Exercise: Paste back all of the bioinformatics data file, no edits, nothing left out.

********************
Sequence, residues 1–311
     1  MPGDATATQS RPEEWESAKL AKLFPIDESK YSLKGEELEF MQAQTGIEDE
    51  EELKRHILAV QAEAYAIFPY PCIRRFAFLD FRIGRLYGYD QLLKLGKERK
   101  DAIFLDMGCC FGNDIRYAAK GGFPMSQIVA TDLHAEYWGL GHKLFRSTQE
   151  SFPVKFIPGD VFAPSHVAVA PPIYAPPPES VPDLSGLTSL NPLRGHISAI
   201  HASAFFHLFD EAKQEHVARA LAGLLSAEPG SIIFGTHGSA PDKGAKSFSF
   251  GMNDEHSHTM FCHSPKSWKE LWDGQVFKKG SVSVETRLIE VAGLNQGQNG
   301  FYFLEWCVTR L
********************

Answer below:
Sequence, residues 1–311
     1  MPGDATATQS RPEEWESAKL AKLFPIDESK YSLKGEELEF MQAQTGIEDE
    51  EELKRHILAV QAEAYAIFPY PCIRRFAFLD FRIGRLYGYD QLLKLGKERK
   101  DAIFLDMGCC FGNDIRYAAK GGFPMSQIVA TDLHAEYWGL GHKLFRSTQE
   151  SFPVKFIPGD VFAPSHVAVA PPIYAPPPES VPDLSGLTSL NPLRGHISAI
   201  HASAFFHLFD EAKQEHVARA LAGLLSAEPG SIIFGTHGSA PDKGAKSFSF
   251  GMNDEHSHTM FCHSPKSWKE LWDGQVFKKG SVSVETRLIE VAGLNQGQNG
   301  FYFLEWCVTR L